Friday, October 12, 2012
Darrell Lea is an Australian confectionery company founded in 1927. They were known in Australia for their quaint and classic chocolate and licorice products sold at the company’s branded stores. (The company went into administration earlier this year and was bought out by the Quinn family, who also run VIP Petfoods. The shops are closed, but they’re still making candy.)
Here in the United States were get few of their products on our shelves, with their signature item being the Australian style licorice. I’ve even tried another version of their chocolate covered licorice before.
Cost Plus World Market recently had a big display of Australian and specifically a large array of Darrell Lea confections. I picked up a chocolate covered fudge bar and this package of Darrell Lea Dark Choc Liquorice Bullets.
The package holds 7 ounces, but is jam packed with the candies. It’s a heavy bag, like a bean bag filled with lead shot. The pieces are large. Think of a swollen Good & Plenty. Good & Plenty are about 2/3 of an inch long. These are over one inch. They’re consistent, dark and glossy. They smell like sweet chocolate and nothing like licorice.
The chocolate coating is nicely done, shiny and thick. The flavor is, well, thin. It’s like hot cocoa made with hot water instead of milk. The chocolate notes are like chocolate syrup. The licorice nib beneath is hefty and soft with a solid and satisfying chew. The earthy flavors of the licorice go pretty well with the chocolate. It’s almost bitter with lots of notes of dirt and minerals but not a whole lot of anise, more on the green fennel flavors.
The chew leaves behind lots of sticky bits of the licorice in my teeth and has a sort of rib sticking density as well. The ingredients show that this is real chocolate, though it does contain PGPR (an extra emulsifier) and butter (so it’s not vegan ... though it also lists shellac). The licorice base is wheat flour. It was made in a facility that also processes peanuts and tree nuts. There’s no corn syrup though, which I know some people avoid in a licorice.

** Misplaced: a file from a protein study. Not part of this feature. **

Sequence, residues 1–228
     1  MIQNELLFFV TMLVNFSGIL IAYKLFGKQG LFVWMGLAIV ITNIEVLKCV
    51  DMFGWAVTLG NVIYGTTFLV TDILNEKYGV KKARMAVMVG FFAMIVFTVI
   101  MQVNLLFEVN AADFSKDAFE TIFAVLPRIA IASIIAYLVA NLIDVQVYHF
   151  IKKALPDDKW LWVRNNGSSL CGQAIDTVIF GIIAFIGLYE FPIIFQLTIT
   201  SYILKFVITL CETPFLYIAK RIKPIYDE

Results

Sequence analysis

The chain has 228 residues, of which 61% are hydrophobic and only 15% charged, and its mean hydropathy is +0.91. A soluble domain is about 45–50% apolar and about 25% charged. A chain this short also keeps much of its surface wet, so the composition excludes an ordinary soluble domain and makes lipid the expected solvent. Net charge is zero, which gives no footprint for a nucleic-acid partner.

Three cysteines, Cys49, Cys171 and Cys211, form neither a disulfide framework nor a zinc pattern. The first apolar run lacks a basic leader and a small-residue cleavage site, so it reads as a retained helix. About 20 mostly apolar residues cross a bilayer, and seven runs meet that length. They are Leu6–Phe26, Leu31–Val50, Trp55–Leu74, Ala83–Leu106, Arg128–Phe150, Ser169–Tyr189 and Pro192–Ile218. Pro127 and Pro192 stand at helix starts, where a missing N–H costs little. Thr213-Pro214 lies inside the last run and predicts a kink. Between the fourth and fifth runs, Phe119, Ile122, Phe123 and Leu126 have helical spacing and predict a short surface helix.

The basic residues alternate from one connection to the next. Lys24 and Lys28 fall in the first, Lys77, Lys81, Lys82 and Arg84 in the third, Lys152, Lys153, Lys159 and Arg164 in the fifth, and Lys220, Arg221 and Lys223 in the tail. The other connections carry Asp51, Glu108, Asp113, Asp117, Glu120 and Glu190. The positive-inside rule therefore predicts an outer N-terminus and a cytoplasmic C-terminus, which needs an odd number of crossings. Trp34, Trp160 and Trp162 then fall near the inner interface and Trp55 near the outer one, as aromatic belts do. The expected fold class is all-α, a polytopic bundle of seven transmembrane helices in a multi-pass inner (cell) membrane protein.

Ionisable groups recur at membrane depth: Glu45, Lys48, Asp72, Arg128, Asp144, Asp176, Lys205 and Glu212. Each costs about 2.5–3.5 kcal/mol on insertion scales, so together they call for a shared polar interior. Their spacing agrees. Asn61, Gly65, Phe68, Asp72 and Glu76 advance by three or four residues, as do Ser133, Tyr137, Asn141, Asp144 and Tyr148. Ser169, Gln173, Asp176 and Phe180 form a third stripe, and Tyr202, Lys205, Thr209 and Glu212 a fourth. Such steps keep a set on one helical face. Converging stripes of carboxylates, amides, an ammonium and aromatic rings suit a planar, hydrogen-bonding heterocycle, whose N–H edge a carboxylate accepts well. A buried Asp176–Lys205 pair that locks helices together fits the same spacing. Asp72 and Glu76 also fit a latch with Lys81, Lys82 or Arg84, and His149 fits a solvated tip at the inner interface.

I found them satisfying as a candy, but not great as a chocolate product or as a licorice product. I ate the whole bag, but it took me well over a month, as I kept losing interest. They also make a Milk Choc variety, which might have a better balance with the added dairy flavors. I don’t know what the financial restructuring will mean to availability of Darrell Lea products outside of Australia.
Wednesday, July 18, 2012
I saw some new packages of Panda Licorice on store shelves about six months ago. I thought it was cute and inventive. But I’ve already reviewed the Panda licorice line, for the most part, so there was no need for me to pick it up again.
What I didn’t realize is that this is actually a different line of licorice, with a different formula. The Panda Traditional Soft Original Licorice is part of the Panda “confections” line. It was formulated specifically to widen the Panda brand’s appeal and to be sold in more mass-market stores, instead of the narrow appeal of stores like Whole Foods and Trader Joe’s which usually have rules about what sort of ingredients a product can have.
It doesn’t say much on the front of the package, beyond the brand name and the product but it’s quite clear: No artificial colors, flavors or preservatives.
So a quick flip to the back of the package where they talk more about the traditional soft licorice and the heritage of the company that dates back to 1927 in Finland and how meticulous they are and how they use traditional ingredients. Those ingredients?
Yes, Panda’s licorice that’s otherwise free of artificial flavors, preservatives and colors, suitable for vegans, fat free and Kosher ... it’s made with high fructose corn syrup.